“ I likewise appoint Henry Brooke, painter, Arthur Keen, gent., and Wm. Whitestone, stationer, all of Dublin, to receive the annuity of 51. (English) left to Kingswood School by the late Roger Shiel, Esq.

“I give 6l. to be divided among the six poor men, named by the Assistant, who shall carry my body to the grave; for I particularly desire there may be no hearse, no coach, no escutcheon, no pomp, except the tears of them that loved me, and are following me to Abraham's bosom. I solemnly adjure my executors in the name of God, punctually to observe this.

“ Lastly, I give to each of those Travelling Preachers who shall remain in the Connexion six months after my decease, as a little token of my love, the eight volumes of Sermons.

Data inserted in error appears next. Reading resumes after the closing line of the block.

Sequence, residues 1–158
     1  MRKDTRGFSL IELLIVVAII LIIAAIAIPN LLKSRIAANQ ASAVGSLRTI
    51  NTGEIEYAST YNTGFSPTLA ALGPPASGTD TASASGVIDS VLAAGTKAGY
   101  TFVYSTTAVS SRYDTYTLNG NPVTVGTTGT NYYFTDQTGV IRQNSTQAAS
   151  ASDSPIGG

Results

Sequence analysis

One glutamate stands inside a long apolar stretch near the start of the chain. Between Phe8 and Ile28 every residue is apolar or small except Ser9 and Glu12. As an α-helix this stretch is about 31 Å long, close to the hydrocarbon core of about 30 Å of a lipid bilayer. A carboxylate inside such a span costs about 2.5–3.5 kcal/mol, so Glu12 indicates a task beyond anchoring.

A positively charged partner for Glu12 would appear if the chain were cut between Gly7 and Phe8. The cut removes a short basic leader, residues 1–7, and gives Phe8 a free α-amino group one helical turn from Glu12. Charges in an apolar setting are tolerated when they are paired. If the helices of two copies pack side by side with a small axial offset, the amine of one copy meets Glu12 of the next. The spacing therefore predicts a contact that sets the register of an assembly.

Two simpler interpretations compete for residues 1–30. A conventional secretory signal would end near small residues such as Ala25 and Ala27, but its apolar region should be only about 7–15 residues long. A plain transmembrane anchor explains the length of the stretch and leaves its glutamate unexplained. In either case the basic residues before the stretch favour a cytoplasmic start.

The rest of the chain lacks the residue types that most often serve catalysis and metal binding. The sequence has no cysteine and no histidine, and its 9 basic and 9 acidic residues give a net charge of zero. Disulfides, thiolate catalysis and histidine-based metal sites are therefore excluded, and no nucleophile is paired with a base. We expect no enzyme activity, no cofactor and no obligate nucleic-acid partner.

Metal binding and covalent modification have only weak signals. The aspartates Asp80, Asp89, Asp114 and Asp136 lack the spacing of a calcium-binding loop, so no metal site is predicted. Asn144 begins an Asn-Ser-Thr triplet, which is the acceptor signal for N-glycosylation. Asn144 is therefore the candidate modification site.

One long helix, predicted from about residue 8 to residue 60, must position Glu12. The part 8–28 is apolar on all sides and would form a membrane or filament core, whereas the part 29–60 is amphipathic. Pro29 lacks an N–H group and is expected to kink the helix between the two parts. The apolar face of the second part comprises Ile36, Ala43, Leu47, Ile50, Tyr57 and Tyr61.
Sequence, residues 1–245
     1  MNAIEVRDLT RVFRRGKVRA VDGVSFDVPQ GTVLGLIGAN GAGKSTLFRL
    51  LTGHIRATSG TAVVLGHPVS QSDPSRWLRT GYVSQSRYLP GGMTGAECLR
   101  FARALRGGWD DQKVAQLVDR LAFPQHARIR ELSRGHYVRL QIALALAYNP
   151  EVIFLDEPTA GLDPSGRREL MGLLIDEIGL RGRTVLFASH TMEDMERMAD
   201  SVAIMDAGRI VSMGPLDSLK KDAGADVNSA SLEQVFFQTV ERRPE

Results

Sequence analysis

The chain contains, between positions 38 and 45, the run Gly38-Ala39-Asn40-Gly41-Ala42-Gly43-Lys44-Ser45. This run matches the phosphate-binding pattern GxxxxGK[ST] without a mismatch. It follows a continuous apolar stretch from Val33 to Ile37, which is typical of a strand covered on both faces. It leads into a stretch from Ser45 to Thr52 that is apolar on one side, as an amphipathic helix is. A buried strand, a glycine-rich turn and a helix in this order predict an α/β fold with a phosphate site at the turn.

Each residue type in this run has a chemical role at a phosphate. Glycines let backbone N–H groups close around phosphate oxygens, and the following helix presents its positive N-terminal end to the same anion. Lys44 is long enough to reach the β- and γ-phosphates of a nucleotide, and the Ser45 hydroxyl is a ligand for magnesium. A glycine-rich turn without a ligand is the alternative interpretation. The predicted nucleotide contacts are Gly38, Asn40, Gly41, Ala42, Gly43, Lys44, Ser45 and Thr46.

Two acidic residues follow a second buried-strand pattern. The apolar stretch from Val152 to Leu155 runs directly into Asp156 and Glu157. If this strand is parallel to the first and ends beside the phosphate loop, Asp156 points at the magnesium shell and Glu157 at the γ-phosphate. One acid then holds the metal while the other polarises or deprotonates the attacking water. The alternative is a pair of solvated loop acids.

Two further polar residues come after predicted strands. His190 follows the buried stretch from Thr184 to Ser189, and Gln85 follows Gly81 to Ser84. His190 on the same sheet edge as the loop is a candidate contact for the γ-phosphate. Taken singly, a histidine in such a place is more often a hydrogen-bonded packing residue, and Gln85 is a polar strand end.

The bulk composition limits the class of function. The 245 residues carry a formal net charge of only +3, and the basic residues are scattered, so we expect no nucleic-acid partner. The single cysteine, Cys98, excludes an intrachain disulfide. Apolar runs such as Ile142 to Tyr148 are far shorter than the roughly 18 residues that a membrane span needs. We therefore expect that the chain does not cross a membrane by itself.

“ I appoint John Horton, George Wolff, and William Marriott, aforesaid, to be executors of this my last Will and Testament, for which trouble they will receive no recompense till the resurrection of the just. 64 Witness my hand and seal, the 20th day of February, 1789.

“ JOHN WESLEY.” (seal.) “ Signed, sealed, and delivered, by the said Testator as for his last Will and Testament, in the presence of us


66 ELIZABETH CLulow." “ Should there be any part of my personal estate undisposed of by this my Will, I give the same unto my two nieces E. Ellison, and S. Collet, equally.


6. Feb. 25, 1789. “I give my types, printing presses, and every thing pertaining thereto, to Mr. Thomas Rankin, and Mr. George Whitfield, in trust, FOR THE






Those who have hitherto considered Mr. Wesley as a writer, have fallen under great mistakes. There was a unity in his character, of · which they were either totally ignorant, or not sufficiently sensible; and without this it was not possible to do him justice. In the year 1725, he tells us he made a resolution to dedicate all his life to God,--all his thoughts, words, and actions ; being thoroughly convinced there was no medium; but that every part of his life, not some only, must either be a sacrifice to God or to himself, that is, in effect, to the devila